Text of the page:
My preferred usage pattern for Firefox includes having 20-30 windows open, with an average of perhaps 10 tabs/window. (This is my preference, so please don't bother suggesting changing this.)

With my old machine, a ThinkPad W500 running Xubuntu 14.04 LTS (very much living up to its name, Trusty), this worked fine most of the time with 8 GB RAM and a swap partition of 12 GB. At times, it would begin to slow down due to swapping, but this would typically happen after several days (sometimes more than a week) of use, and a restart of Firefox would fix it for another period. Very rarely, but typically with more than 25 windows, the Firefox process would become very sluggish or completely unresponsive, but I would still be able to switch windows to a terminal and kill it.

Under the assumption that a faster system with more RAM would improve this situation, I obtained a (used/refurbished) T520 with 16 GB RAM preinstalled from the vendor about a week ago. However since installing this with Xubuntu 17.04 last weekend, it seems to be a worse setup than what I had before. Leaving my machine idle with just Firefox (18 windows) and Terminal (4 windows) for a day, tonight I found it in a state where it was completely unresponsive, disk light constantly on with the disk trashing, to the point where even switching to a Terminal window was effectively impossible. After waiting five minutes I gave up and pressed the power button.

This was after I yesterday tried to improve performance (having had a similar problem) by tuning FF Performance: enabling hardware acceleration and setting the Content process limit to 4. (FF 55.0.2, which I had also been using on the old system since august 20.).

What is the cause of this horrible trashing, and how - other than having less windows open - can it be prevented? Given that the old system worked fine, I am considering downgrading the new machine to 14.04, but that seems an unviable option in the long run. I am also considering changing swappiness, or even running FF under a virtual machine so I can limit its resources.

Any suggestions for finding the cause, a solution or a good workaround will be highly appreciated.

  • The Thinkpad T520 has a Nvidia graphics card. Have you installed Nvidia drivers? – user692175 Sep 18 '17 at 22:11
  • You mentioned one Firefox process but also the content process limit option. You should have more than one process (firefox + "Web Content") on working multi process/e10s setups. Please check your addons with compatibility reporter (a had a few which weren't compatible) and that you meet all requirements. I'd recommend to start with a clean profile on both machines to analyze the problem further. – LiveWireBT Sep 18 '17 at 23:20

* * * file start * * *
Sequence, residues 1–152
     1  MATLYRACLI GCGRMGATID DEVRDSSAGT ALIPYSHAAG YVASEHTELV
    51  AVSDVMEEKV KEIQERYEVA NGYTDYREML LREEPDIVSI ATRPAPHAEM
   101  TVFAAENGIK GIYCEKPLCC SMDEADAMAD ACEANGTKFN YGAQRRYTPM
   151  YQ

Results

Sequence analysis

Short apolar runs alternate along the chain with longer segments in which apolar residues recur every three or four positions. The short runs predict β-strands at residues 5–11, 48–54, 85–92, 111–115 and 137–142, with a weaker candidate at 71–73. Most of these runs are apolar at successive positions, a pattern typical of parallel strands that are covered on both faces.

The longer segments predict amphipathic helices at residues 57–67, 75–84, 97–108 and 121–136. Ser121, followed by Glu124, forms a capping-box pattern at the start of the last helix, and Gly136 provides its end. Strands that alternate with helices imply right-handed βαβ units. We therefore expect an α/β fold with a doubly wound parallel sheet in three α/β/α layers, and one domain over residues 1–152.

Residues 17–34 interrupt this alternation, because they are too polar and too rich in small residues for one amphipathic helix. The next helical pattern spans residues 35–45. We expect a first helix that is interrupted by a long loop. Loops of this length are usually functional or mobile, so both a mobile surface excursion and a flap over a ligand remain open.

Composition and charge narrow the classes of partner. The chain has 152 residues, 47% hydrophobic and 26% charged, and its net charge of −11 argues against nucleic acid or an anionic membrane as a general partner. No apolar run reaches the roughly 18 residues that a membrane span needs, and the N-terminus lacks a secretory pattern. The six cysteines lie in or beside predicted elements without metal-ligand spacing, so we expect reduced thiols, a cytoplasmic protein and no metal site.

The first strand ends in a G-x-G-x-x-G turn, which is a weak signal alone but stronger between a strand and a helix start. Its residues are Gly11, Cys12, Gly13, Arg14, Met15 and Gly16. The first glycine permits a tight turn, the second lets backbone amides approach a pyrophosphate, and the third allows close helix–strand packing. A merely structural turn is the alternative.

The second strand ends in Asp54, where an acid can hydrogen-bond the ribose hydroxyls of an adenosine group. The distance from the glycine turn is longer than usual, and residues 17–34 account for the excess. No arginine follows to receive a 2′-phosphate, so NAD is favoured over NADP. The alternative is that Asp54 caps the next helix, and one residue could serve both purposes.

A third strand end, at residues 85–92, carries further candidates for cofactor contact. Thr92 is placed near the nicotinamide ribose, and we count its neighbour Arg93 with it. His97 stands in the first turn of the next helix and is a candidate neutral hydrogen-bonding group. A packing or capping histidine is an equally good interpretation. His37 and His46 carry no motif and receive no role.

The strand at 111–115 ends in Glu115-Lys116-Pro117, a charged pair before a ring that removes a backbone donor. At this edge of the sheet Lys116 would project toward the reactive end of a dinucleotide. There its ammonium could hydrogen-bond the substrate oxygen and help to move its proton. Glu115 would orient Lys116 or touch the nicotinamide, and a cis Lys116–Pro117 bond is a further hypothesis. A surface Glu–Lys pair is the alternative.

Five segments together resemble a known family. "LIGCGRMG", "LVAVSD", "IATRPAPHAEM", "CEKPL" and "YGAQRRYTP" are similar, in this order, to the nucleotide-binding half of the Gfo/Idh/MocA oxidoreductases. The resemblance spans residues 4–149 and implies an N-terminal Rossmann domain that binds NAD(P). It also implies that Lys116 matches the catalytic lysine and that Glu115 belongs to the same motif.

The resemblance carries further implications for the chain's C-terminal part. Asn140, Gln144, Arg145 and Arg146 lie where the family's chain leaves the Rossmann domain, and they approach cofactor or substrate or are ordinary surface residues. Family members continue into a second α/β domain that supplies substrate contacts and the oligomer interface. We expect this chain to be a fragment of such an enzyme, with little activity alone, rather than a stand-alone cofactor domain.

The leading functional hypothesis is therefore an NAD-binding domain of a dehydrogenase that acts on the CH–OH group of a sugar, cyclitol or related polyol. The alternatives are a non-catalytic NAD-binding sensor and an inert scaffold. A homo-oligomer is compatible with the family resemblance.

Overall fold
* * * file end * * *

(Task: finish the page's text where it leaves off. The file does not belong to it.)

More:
• @MichaelBay T520 is the first model with Intel HD Graphics (Sandy Bridge in this series), Nvidia graphics are optional and personally I'd rather not use proprietary graphics drivers, because I read that e10s was struggling with it or will not run at all. – LiveWireBT Sep 18 '17 at 23:24
  • I think this question is too broad, and isn't answerable in its current form. You need to investigate the cause of this behavior. Look at RAM usage with free -m, disk usage with iotop, CPU usage with top, check the syslog, try a FF profile without tweaks, etc. Then, if you need help interpreting the findings, add them to the question. – mikewhatever Sep 18 '17 at 23:58
  • I know that I didn't provide much information, but it is hard to investigate a system that is for all intents and purposes frozen. The reason for this question is precisely to find out if someone else had had this problem and already identified a cause (and maybe a solution.) This model (4242W38) of the T520 has no Nvidia. I have only installed what came from the Xubuntu 17.04 install DVD, and upgrades from the network. The FF profile on the new machine is a clean new profile, and no plugins/addons have been installed. – LHP Sep 19 '17 at 1:54

If 14.04 worked OK for you then there is no trouble in reinstalling it (other than possible hardware issues with components from end-2016 to 2017, and its EOL in 2019). You will have more RAM than before, so it would be better for your normal Firefox usage, and also, you will have your trusty Xubuntu 14.04 working OK.

You can stay in 14.04 until end-2019 or mid-2020, when Firefox drops support for that Ubuntu version. Then you might try future versions (18.04, 20.04...).

If you are worried about security, FYI you can still receive upgrades until Apr 2019, and after that there is a risk if you still use the system, but if modern versions won't work well, you might try other things such as Mint, Debian,etc.

  • This may end up being the workaround I will have to choose, although reinstalling is a hassle I would prefer to avoid, and Xubuntu 17.04 has a few features that I would miss. Also, it would probably just postpone the problem, unless the cause gets found and fixed in the meantime. – LHP Sep 19 '17 at 2:02

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